Cannes Day 8

“Ladies and gentlemen, please take your seats, the screening is about to begin. Please turn off your mobile telephones for the duration of the performance.”

That recorded message plays first in French, then English, about five minutes before each major screening. One word always stands out to me: ‘performance’. The way that word is used for showings of movies here is the perfect explanation of the Cannes Film Festival – the way they treat cinema as art, something that is just as important culturally as any theatre production. Too right! I say.

This morning as that message played inside the Grand Lumiere theatre, just before the 8:30amscreening of ‘Only God Forgives’, the excitement was palpable. So palpable, that in trying to tell a French reporter I was excited for the movie I accidentally told him I was sexually excited for the movie. Well, it does star Ryan Gosling…

As the film began, the crowd cheered and clapped and settled into their seats. All (presumably) lovers of ‘Drive’ like me, we expected more of the same stylish silence and violence from director Nicolas Winding Refn. As the film wore on it was apparent that yes, there was more silence and violence, but way too much of it. There’s not really a story but the basic plot is an American mother (played hilariously and ferociously by Kristin Scott Thomas) coming to Thailand to bury one son, while forcing her other, Julien (Ryan Gosling), to avenge his death by killing the cop who murdered him. Refn says it’ about a man who wants to fight God. But really, I didn’t see that. Nor did I get any of the Eastern mysticism vibes that were supposedly weaved in. To me it was simply about the endless circle of revenge, and then I just stared at Ryan looking good in a suit.

Out of the 90 minute movie I would estimate the dialogue would take up 10 minutes if you stuffed it all together. The other 80 is slow walking, silent looks, and INTENSE violence. Ryan has about 10 lines in total, but gosh, he really does silent anger/sadness/confusion like no other. The cinematography is beautiful, the way Refn uses light and shadows is incredible, and the score is fantastic (thankfully, because that’s pretty much all you hear!) Really, I applaud Refn’s experimentation with style (it’s closer to ‘Vahalla Rising’ than ‘Drive’) but was left with a hollow and unsatisfied feeling. I might wait for the fan recut, where the entire movie is about Ryan not wanting to eat cereal.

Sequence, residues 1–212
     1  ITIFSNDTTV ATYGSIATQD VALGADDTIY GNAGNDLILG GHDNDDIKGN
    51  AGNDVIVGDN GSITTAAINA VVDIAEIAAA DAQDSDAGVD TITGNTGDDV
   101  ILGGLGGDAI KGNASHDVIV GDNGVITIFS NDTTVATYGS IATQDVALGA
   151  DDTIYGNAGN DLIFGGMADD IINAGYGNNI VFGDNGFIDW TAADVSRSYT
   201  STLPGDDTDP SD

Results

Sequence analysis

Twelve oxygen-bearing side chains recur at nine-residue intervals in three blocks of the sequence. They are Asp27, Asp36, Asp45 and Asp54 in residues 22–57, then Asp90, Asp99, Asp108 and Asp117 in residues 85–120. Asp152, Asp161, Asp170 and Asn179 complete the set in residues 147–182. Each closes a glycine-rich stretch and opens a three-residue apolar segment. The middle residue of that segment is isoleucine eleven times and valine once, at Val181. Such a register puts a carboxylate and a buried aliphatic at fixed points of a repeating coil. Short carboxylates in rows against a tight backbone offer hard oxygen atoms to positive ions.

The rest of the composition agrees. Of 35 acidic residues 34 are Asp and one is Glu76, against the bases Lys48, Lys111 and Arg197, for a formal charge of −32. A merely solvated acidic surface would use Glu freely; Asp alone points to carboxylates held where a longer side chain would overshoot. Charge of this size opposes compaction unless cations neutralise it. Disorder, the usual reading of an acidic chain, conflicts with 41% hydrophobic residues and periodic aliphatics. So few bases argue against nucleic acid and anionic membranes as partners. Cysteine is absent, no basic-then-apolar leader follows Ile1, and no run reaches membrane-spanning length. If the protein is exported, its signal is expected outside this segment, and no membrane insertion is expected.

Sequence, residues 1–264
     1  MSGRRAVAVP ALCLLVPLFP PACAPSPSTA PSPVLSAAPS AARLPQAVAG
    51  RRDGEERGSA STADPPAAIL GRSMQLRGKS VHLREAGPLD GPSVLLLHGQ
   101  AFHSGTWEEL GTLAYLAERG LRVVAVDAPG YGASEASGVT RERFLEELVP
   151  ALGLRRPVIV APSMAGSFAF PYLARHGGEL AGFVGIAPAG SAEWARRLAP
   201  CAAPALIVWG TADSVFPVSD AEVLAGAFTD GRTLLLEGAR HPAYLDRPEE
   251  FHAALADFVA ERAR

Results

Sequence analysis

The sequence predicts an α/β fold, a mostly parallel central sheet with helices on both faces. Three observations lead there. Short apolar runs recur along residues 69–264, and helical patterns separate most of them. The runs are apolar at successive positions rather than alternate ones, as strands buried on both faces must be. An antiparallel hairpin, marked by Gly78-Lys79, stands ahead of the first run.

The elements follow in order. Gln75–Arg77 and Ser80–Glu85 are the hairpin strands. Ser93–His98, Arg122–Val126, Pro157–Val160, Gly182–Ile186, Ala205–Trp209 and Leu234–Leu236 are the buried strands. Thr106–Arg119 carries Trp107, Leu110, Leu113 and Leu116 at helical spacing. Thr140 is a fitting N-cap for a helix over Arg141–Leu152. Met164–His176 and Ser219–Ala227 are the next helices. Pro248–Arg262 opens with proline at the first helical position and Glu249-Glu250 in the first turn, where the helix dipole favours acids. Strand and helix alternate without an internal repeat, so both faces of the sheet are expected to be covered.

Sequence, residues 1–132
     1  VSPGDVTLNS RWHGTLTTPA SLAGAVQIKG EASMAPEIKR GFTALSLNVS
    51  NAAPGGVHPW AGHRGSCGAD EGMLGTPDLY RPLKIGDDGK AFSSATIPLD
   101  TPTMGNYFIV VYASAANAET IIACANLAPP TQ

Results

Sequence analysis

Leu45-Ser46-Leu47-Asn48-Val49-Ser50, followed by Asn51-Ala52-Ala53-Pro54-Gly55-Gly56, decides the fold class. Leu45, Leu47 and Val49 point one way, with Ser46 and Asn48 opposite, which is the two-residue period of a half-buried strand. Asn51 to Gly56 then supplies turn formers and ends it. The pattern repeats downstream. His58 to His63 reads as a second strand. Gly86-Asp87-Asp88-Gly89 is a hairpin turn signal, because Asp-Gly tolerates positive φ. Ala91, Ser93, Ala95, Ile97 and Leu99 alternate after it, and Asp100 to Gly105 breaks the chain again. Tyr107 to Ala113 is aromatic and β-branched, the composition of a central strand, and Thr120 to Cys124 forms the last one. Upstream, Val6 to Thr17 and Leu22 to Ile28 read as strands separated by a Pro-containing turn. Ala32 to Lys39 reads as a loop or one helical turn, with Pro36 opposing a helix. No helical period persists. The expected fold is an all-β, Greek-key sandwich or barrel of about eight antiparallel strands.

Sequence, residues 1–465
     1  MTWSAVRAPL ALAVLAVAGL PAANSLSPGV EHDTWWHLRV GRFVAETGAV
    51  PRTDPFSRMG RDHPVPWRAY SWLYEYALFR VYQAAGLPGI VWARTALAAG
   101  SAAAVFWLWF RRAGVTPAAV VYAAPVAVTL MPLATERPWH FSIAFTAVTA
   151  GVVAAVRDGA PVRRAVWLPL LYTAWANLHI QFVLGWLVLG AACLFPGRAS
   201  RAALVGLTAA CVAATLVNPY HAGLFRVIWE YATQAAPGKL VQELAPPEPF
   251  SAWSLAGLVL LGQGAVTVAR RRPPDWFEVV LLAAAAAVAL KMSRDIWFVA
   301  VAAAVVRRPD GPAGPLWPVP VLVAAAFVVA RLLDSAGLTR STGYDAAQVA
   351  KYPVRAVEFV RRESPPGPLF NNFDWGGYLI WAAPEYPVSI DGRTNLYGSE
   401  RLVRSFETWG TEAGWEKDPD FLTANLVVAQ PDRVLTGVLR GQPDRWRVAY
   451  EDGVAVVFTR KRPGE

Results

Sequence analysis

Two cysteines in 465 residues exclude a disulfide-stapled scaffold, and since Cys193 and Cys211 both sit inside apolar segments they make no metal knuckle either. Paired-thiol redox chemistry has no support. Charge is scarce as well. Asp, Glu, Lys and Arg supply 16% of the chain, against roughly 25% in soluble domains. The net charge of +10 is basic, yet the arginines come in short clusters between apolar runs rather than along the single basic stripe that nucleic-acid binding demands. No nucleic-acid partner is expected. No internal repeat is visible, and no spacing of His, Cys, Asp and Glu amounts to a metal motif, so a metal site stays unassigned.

As soon as the credits rolled the audience filed quickly out of the theatre (some had already left during the movie) to smatterings of boos and cheers, making it the first truly polarizing film at the festival. The press ran off to the conference room, and was saddened to see the lack of Ryan Gosling’s name on the table. The festival hoped up until the last minute he could make it, but in the end he couldn’t take time off from shooting his directorial debut (which has already pre-sold for many international territories here in the market place).

But lack of baby goose aside, it was fascinating to hear Nicolas Winding Refn speak about his choice to strip the film of dialogue. “I wanted to try something against all of the cinematic conventions I have done before,” he explained, “Like when your sex life gets boring and you need to spice it up… In the West we always need to explain things, state facts. Dialogue is logical, but images and sound are more emotional.”

Kristin Scott Thomas (KST as Refn calls her) answered questions about her rude and crude character, who, interestingly in the original draft was English. When Luke Evans dropped out in favor of ‘The Hobbit’ (Refn referred to Evans as “that unknown actor”… ouch, doesn’t he know he’s in‘Fast and Furious 6’??) and Gosling stepped in, they changed her character Crystal to be American. KST said she hates violent movies, and funnily enough, wouldn’t watch a movie like this, but was really excited for the challenge.

After lunch (a crepe again! My stomach officially hates me!) I went to a screening of ‘La Grande Bellezza’ (‘The Grand Beauty’) an 2.5 hour Italian film by director Paolo Sorrentino (‘Il Divo’). I’m sure that sounds like hell to some of you, but heaven to me! That title, like my hips, don’t lie - it really WAS grand and beautiful. Saturated in color, every single frame looked like a gorgeous photograph and the story, though slow, was a lovely reflection on life – the joy, the love, the pain. If it’s playing at any sort of film festival or underground parking lot (no), check it out!

Walking out of the theatre I noticed the sky had turned. Angry looking dark clouds were swallowing up the blue sky, most likely because Ryan Gosling isn’t here. That’s the only explanation. Picking up my gigantic umbrella from my handy apartment, I ran off to what I thought was a press screening of‘All Is Lost’. This film has gotten great reviews since playing this morning, with the words Oscar worthy being thrown in Robert Redford’s direction. It’s Redford, lost at sea, not much dialogue, but incredible acting. And not a volleyball in sight. Unfortunately it was less a press screening, more a ‘oh hai there Robert in your fancy tux, I don’t have an invitation to YOUR PREMIERE, and I’m underdressed. I’ll go stand over here now and have a glass of wine’ type of thing. I’ll see it (and critweet it, follow me!) tomorrow night at 10:30pm.

Day 8, two and a half days to go. Do I HAVE to go home?? Can’t I just live here??

Alicia Malone - For more from Alicia visit her official website here or follow her on twitter here.